Lora Hart manages to land a job in a hospital as a trainee nurse. Upon completion of her training she goes to work as a night nurse for two small children who seem to be very sick, but something much more sinister is going on.Written by
Col Needham <firstname.lastname@example.org>
During the surgery scene, all the doctors, nurses, and observers are wearing face masks but only their mouths are covered. Their noses are sticking out above the masks. There is no point in wearing a surgical mask if the nostrils are exposed. See more »
[to the unconscious girl wasting away from malnutrition]
Poor little Nanny, nobody cares if you live or die.
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"Night Nurse" is representative of pre-code era films--only slightly risqué by today's standards. It is also representative of the times in the sense that Hollywood seemed to be enamored of the medical profession--both doctors and nurses--during the period, with many such scripts being produced. I think it is due to changing views about medical professionals, instigated by medicine being more science-centered. Audiences probably learned a lot about medical procedures and standards that were somewhat new. This makes such films interesting now from a historic standpoint; and they are interesting as comparisons to today's methods. What we most learn is that standards of care which are en vogue almost always look primitive (and ignorant) by standards only fifty years later.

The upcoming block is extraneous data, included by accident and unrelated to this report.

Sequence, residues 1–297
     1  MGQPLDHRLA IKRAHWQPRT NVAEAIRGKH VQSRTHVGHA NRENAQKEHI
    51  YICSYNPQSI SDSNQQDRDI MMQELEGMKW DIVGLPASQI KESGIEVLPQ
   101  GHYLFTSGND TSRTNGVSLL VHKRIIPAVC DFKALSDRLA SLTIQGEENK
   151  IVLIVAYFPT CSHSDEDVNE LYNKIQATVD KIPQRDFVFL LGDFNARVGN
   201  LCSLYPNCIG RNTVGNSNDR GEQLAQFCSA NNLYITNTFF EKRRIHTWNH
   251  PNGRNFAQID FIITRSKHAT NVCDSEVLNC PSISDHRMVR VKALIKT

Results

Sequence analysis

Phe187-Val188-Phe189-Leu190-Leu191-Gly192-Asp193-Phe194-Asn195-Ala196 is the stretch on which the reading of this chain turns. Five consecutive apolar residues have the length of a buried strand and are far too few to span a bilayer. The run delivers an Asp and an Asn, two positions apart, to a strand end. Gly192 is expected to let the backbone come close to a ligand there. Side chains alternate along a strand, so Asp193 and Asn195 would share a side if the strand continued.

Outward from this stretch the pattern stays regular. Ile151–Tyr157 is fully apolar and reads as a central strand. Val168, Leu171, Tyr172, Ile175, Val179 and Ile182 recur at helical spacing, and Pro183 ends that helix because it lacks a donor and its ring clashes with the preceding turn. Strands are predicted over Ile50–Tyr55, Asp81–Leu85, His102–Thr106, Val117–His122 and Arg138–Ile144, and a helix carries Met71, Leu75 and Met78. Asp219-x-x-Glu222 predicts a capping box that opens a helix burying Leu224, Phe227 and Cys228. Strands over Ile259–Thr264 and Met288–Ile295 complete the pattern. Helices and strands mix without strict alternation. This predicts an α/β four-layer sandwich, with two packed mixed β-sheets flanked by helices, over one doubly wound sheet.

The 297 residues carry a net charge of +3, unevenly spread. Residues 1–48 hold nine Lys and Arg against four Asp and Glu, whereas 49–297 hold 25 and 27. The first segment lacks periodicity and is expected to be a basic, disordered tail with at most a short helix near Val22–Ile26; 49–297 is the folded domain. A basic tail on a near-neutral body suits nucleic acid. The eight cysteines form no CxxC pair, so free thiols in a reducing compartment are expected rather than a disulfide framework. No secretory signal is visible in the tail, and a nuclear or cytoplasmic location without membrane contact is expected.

Joan Blondell and Barbara Stanwyck star in this film about the education, training and practicing of nurses. Stanwyck's character trains in a hospital after no medical education. The girls knock heads with the nurse in charge of their training (and their morals). They deal with the orderlies and physicians who, being male, have a sense of entitlement. Eventually, they get jobs in private care, tending to two young girls who seem neglected.
Clark Gable portrays a belligerent chauffeur with suspect intentions, though his part is a minor one. He plays "sinister" very well, perhaps a clue to his later successes portraying men who are somewhat threatening (like John Garfield).
At one point--as Stanwyck tries to unravel the mystery of the young girls' declining health--the film slows. Otherwise, I found it interesting on many levels. It is fun to see Blondell and Stanwyck as such young women. Even then, Stanwyck commanded the screen with her intensity, when necessary.
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